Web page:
Bill C-10 threatens freedom of expression in Canada
You make a video and post it on YouTube. Nobody watches it. It does not pop up on searches or on “recommended” lists. YouTube has buried your video, not on its own initiative, but at the direction of the Canadian Radio-television and Telecommunications Commission (CRTC)—perhaps because your video was not “Canadian” enough or because its message offended government policy. If Bill C-10—which authorizes the CRTC to regulate online media platforms such as YouTube, Facebook and Spotify—becomes law, this is a scenario Canadians could face in the not-so-distant future.
Bill C-10 will not directly regulate individual Canadians who use those services but will regulate the content they post and thus empower the CRTC to require tech companies to do the dirty work. The companies will regulate their users and manipulate the “discoverability” of content in accordance with CRTC policies. Bill C-10 will not supervise online speech directly, but indirectly threatens to strangle it.
In its original form, C-10 would not have regulated the speech of ordinary Canadians at all. The bill excluded “programs that are uploaded to… a social media service by a user of the service,” meaning that the CRTC would not have had the power to supervise the content of individual users.
However, in April, the heritage committee removed this exception from the bill. And last week, the Liberal, NDP and Bloc Québécois members of the committee defeated a Conservative motion to put it back. On Friday, the Liberals, backed by the Bloc, moved to limit debate on the bill.
According to Internet law guru Michael Geist, Bill C-10 is an unconscionable attack on the online free expression of Canadians, but government lawyers have dismissed constitutional concerns with a shrug. An updated “charter statement” from the Department of Justice acknowledges that the effect of removing the carve-out for individual users does indeed mean that their content will be subject to regulation under the act, but says that “unaffiliated users of social media services would not be subject to broadcasting regulation in respect of the programs they post.”
That’s technically correct, according to University of Calgary law Professor Emily Laidlaw who said, “The government does not propose to regulate users directly. But it does propose to regulate the platforms that then must regulate users… In other words, by outsourcing the obligation to private companies, the state does indirectly what it can’t do directly.”
That used to be a constitutional no-no. For instance, in 1928, the Supreme Court of Canada struck down a section of the federal Fisheries Act that prohibited operating a fish cannery without a federal licence. Section 91 of the Constitution Act, 1867, gave the feds jurisdiction over fisheries. However, regulating canneries—whether fish, fruit or vegetable—is a matter of “property and civil rights” reserved for the provinces.
Therefore, the court said the federal government has no power to regulate putting fish into cans under the guise of regulating taking fish out of water. According to Justice Edmund Leslie Newcombe, writing for the court, and quoting a Privy Council judgment, “What cannot be done directly cannot be done indirectly.”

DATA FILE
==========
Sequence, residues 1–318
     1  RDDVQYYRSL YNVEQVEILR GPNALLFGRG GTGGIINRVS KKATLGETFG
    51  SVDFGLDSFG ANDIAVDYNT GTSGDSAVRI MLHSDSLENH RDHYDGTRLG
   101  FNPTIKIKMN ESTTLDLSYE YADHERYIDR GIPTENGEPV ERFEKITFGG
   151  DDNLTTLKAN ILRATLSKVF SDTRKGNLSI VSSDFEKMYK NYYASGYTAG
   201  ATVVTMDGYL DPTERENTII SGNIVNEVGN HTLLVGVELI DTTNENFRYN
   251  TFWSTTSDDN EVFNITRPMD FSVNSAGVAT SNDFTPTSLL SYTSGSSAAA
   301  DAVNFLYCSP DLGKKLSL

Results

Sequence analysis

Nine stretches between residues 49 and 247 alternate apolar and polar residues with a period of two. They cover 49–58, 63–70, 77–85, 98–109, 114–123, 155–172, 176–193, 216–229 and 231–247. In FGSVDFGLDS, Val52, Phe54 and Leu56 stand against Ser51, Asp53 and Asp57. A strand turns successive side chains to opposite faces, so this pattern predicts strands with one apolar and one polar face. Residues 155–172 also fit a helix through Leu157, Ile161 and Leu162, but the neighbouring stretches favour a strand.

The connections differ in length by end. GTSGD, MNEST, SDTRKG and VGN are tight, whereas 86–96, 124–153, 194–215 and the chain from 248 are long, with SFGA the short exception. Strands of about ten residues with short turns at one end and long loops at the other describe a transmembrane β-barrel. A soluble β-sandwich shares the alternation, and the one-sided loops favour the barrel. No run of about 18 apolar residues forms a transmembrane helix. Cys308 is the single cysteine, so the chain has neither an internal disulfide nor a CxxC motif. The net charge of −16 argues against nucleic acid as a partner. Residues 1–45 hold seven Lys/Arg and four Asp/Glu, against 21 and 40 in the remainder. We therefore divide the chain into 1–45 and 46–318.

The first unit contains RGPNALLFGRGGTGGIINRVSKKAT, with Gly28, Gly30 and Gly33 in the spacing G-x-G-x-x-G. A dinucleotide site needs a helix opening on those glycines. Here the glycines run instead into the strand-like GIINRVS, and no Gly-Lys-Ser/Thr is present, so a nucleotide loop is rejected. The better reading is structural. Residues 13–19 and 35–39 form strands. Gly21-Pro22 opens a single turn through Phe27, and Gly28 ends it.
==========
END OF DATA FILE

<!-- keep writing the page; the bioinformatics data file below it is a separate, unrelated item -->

Yet governments have become adept at getting around the Constitution by doing exactly that. Under the Charter of Rights and Freedoms, the state cannot lock you away without due process, even for public safety, yet has been quarantining asymptomatic people in the name of public health. The state cannot discriminate against religious beliefs, but the law societies of Ontario and British Columbia refused to accredit the graduates of a private religious university because they disapproved of its Christian beliefs.
Moreover, provinces have jurisdiction over natural resources, lands, mines, minerals, property and civil rights, but the federal government can impose carbon levies on a province in the name of “peace, order and good government.” The state cannot prevent citizens from entering or leaving Canada, or impose medical procedures without consent, yet now requires returning travellers to submit to invasive tests when they cross the border. Under Section 121 of the Constitution Act, 1867, goods from any province shall be admitted freely into any other, but provinces can erect barriers that inhibit trade if that’s not their primary purpose. The Constitution does not mean what it appears to say.
Since its inception in 1982, the charter has been less a constitutional bedrock than a political and judicial plaything, its roster of rights having been compromised by its own text. Section 1 says charter rights are guaranteed subject to “reasonable limits prescribed by law as can be demonstrably justified in a free and democratic society,” which the Supreme Court has said means governments can infringe rights if they do so “proportionately”—that is, no more than necessary to achieve their pressing objectives. The charter has become not so much a bulwark against government interference as a flexible judicial instrument for managing the priorities of the pervasive administrative state.
Bill C-10 is an autocratic piece of legislation. As Michael Geist put it, “Is there any reason for Canadians to trust that their online speech will be safeguarded?” Worse still, the Liberals promise to introduce another bill that will police online “hate speech.” Directly or indirectly, Canadians’ freedom of expression is in peril.
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